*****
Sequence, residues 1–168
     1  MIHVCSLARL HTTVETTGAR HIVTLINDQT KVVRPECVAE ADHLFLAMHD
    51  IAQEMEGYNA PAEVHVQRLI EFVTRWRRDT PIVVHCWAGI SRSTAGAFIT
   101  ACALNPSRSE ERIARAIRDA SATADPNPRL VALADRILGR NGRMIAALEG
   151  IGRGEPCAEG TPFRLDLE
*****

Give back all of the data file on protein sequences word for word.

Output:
Sequence, residues 1–168
     1  MIHVCSLARL HTTVETTGAR HIVTLINDQT KVVRPECVAE ADHLFLAMHD
    51  IAQEMEGYNA PAEVHVQRLI EFVTRWRRDT PIVVHCWAGI SRSTAGAFIT
   101  ACALNPSRSE ERIARAIRDA SATADPNPRL VALADRILGR NGRMIAALEG
   151  IGRGEPCAEG TPFRLDLE